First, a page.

The needs of vulnerable and at-risk children can be overwhelming. But there are some practical things you can do to help.

Cracked one hundred dollar billIf I were to offer you a brand-new $100 bill, you would be happy to accept it. But what if I gave you the same bill after it had been wrinkled, stomped on, and dirtied? Would you still accept it? Why? Because the intrinsic value of the bill is not changed by what was done to it. The same is true for all of us. Psalm 139 says that each of us was perfectly formed by God. He knew our days before we were even born. Our value is given to us by God Himself.

Sometimes children suffer trauma. They may be exposed to danger, harm or loss, such as abuse, abandonment, exposure to disease, lack of food or water, the dangers of war or the risk of being trafficked. They are damaged—like the $100 bill. But this does not change their value. They are still equally valuable to God, and they ought to be equally valuable to us.

Here are six things you can do to begin helping these children to see their value.

Love them—Loving children seems easy, but vulnerable children can be difficult to love. They often respond emotionally, expressing fear, loneliness, anger, rejection, loss of identity, worthlessness, shame, abandonment or sadness. They may exhibit behaviors such as deceitfulness, hurting others, acting out, disruptiveness, selfishness, lying, withdrawal, escape and manipulation. But loving them in spite of their behavior helps them to understand that they are valued.

Listen to them—The stories these children tell are hard to hear. And sometimes they don’t really want to share them. Don’t force them to tell their stories; instead, give them the opportunity. Sometimes sharing the pain is the first step to healing.

Learn from them—As vulnerable children get to know you and begin to share their pain, be sure to listen. Hearing about their situations and needs will help you to understand how you can best help them.

Allow them to hurt—You can’t take their pain away. Saying things like “Don’t cry! Everything will be okay!” or “I know you are hurting, but you need to move on” do more harm than good. Healing is often painful, so give the children space and time to hurt—and let them know you understand that their pain is real.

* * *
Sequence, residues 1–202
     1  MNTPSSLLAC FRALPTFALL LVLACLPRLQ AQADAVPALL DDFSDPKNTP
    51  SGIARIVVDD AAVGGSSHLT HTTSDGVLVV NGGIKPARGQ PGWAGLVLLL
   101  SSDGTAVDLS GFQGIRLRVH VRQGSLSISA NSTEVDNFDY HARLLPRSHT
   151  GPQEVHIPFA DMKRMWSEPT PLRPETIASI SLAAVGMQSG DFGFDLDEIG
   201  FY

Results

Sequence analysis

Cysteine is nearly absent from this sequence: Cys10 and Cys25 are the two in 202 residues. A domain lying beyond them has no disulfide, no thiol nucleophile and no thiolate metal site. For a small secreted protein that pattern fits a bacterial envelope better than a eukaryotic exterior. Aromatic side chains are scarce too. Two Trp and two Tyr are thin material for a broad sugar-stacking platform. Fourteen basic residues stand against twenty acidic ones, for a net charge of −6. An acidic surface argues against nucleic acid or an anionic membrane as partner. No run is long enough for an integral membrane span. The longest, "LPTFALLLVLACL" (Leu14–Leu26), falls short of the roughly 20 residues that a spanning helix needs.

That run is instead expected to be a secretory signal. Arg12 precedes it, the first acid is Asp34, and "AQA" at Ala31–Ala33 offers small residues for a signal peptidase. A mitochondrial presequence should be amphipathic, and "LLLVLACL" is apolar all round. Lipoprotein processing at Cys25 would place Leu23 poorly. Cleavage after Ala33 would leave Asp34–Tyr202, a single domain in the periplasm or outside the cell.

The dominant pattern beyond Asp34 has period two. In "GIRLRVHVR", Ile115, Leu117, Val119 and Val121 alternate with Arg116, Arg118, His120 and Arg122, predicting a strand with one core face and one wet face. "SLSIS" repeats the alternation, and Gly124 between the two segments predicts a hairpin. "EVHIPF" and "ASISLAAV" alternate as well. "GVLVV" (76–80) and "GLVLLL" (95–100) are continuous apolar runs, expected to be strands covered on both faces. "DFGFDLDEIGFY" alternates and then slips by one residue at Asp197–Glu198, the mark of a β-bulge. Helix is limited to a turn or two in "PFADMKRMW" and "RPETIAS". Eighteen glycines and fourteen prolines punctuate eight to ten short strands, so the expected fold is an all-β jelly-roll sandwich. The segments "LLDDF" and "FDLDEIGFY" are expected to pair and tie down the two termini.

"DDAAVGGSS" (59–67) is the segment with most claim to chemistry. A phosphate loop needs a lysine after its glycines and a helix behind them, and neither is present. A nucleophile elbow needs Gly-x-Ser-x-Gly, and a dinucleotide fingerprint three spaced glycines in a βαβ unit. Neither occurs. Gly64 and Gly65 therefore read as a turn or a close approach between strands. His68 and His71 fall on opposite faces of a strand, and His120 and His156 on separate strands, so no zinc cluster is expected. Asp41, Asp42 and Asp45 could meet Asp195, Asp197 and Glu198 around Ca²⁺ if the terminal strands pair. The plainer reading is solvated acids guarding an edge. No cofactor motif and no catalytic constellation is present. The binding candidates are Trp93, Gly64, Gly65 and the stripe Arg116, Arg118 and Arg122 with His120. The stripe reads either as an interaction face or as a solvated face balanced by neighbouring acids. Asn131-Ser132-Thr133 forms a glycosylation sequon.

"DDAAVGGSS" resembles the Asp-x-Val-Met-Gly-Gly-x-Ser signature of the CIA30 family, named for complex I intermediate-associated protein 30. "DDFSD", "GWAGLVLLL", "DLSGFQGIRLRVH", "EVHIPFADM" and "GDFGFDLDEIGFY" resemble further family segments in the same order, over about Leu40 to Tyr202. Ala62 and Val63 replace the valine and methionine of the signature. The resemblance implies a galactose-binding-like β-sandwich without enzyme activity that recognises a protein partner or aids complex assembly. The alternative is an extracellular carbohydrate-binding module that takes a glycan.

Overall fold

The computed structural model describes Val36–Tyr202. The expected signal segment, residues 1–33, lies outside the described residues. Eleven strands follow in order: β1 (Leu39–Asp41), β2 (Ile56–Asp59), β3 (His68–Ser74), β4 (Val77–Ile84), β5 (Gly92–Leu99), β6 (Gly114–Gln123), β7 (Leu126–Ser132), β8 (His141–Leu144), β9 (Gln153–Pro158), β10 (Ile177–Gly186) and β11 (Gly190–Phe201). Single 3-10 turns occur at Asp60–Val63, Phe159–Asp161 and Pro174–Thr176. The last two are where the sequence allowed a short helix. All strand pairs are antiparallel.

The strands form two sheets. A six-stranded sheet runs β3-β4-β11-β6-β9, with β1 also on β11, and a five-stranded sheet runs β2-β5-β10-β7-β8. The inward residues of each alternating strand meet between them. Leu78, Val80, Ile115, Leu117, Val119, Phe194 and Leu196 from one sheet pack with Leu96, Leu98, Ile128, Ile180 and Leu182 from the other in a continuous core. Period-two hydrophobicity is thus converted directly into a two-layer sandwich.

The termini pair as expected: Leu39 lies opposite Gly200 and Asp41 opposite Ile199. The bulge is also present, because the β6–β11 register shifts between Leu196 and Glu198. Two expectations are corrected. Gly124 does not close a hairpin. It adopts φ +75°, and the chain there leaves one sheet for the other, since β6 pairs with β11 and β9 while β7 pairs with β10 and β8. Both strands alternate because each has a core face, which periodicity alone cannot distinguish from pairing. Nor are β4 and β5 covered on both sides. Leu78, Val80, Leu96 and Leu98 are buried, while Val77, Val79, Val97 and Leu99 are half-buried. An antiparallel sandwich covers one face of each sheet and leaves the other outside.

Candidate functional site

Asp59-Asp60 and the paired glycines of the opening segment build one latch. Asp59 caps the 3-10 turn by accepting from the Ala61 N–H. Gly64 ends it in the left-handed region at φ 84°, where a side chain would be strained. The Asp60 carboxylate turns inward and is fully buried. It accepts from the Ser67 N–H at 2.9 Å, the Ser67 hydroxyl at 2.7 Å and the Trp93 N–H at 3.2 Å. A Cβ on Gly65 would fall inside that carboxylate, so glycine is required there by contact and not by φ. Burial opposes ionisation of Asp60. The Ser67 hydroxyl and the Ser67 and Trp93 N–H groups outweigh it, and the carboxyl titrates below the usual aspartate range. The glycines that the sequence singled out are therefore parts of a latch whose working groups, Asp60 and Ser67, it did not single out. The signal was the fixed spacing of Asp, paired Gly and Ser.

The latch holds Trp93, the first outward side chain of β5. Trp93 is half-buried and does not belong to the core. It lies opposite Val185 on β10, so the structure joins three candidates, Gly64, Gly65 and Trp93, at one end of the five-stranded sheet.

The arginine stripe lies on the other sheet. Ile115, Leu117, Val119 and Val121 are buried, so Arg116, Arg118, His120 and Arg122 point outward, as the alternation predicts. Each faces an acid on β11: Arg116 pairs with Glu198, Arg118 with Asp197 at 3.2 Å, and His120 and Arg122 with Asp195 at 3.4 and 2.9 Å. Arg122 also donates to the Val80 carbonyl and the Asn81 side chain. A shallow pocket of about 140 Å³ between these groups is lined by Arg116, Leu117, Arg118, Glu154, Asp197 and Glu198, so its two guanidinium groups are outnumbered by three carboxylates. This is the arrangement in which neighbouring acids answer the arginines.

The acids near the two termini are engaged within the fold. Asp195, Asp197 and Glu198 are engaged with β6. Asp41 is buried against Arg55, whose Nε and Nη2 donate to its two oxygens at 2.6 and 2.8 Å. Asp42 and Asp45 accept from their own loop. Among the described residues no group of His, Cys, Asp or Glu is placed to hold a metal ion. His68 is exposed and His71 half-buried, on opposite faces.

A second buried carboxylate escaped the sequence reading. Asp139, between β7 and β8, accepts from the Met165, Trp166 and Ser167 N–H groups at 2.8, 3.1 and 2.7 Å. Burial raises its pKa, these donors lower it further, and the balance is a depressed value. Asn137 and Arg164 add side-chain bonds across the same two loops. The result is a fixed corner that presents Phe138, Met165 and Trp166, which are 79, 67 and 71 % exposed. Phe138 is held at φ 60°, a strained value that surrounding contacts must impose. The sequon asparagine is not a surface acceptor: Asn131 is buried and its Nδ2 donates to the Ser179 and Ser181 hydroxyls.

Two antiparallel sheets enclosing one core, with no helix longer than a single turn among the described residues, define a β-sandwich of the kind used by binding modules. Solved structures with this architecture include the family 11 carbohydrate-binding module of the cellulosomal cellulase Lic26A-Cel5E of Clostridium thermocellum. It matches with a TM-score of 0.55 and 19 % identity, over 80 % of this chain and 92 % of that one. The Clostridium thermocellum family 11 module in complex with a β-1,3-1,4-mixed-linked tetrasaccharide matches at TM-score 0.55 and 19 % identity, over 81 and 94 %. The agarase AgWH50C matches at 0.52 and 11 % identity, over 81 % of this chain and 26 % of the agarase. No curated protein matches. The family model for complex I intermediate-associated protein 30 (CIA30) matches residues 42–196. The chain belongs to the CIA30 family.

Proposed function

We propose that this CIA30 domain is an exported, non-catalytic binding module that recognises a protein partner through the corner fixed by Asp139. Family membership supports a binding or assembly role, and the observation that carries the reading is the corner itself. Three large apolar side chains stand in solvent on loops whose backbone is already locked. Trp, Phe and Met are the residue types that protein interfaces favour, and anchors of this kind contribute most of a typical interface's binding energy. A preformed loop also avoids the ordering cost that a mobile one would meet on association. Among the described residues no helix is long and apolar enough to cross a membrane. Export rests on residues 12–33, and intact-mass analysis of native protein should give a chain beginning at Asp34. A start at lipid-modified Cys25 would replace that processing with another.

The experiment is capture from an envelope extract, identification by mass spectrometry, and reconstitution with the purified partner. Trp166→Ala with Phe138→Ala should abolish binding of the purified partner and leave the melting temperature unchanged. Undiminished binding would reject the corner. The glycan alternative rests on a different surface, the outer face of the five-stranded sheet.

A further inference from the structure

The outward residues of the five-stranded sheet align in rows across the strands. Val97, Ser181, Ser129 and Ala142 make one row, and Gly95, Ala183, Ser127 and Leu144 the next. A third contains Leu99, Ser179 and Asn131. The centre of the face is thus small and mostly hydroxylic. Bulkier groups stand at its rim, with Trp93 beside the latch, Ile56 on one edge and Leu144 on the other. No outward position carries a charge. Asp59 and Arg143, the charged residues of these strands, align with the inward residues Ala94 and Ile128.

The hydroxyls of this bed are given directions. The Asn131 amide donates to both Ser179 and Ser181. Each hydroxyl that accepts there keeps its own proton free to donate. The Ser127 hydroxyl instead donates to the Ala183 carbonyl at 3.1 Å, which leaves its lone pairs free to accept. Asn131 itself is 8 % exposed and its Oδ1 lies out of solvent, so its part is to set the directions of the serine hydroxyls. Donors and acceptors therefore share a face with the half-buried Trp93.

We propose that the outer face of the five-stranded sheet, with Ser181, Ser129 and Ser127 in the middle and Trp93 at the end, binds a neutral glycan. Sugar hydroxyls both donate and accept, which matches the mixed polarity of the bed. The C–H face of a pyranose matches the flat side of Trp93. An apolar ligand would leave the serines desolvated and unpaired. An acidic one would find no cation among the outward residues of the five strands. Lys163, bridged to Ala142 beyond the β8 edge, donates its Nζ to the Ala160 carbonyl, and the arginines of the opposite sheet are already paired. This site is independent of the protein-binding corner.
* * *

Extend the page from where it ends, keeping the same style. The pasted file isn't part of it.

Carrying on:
Laugh with them—Vulnerable children have been robbed of their childhood. They haven’t been allowed to experience the joys that come with being young! Finding ways to laugh with them and help them to experience joy is an important part of the healing process.

Lead them—You may not be trained to help vulnerable children, but they do not have the authority or resources to help themselves to heal. They need someone to act on their behalf. Discover what each child needs and guide him to the help that will lead to healing. That might mean giving care for physical hurts or finding counseling to help him overcome emotional hurts. These children need trusted adults in their lives who can lead them through the healing process.

And most importantly, pray for them. Only God can bring true healing, so share your heart with the Lord. Allow Him to give you the strength and wisdom you need to minister to these valuable children.

Greg Baird

Author Greg Baird

Greg is the Vice President of Global Resources at David C Cook, overseeing the Life on Life Project around the world. He is married to Michele and they have two grown sons, Taylor and Garret. The Bairds live in Colorado Springs, Colorado, USA.

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